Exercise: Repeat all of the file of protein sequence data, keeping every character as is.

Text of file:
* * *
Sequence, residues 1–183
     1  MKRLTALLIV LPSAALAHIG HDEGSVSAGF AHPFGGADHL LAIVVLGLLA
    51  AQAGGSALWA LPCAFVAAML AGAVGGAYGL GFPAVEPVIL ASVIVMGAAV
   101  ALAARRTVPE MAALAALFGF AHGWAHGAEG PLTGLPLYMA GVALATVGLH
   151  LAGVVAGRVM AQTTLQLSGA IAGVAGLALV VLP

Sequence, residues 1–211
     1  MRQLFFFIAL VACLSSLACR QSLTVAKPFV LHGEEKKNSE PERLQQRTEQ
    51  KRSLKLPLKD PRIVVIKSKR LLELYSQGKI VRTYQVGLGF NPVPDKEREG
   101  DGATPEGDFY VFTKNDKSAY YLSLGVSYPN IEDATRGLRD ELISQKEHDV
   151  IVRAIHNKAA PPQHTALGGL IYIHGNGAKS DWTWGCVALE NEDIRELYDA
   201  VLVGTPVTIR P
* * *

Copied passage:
Sequence, residues 1–183
     1  MKRLTALLIV LPSAALAHIG HDEGSVSAGF AHPFGGADHL LAIVVLGLLA
    51  AQAGGSALWA LPCAFVAAML AGAVGGAYGL GFPAVEPVIL ASVIVMGAAV
   101  ALAARRTVPE MAALAALFGF AHGWAHGAEG PLTGLPLYMA GVALATVGLH
   151  LAGVVAGRVM AQTTLQLSGA IAGVAGLALV VLP

Sequence, residues 1–211
     1  MRQLFFFIAL VACLSSLACR QSLTVAKPFV LHGEEKKNSE PERLQQRTEQ
    51  KRSLKLPLKD PRIVVIKSKR LLELYSQGKI VRTYQVGLGF NPVPDKEREG
   101  DGATPEGDFY VFTKNDKSAY YLSLGVSYPN IEDATRGLRD ELISQKEHDV
   151  IVRAIHNKAA PPQHTALGGL IYIHGNGAKS DWTWGCVALE NEDIRELYDA
   201  VLVGTPVTIR P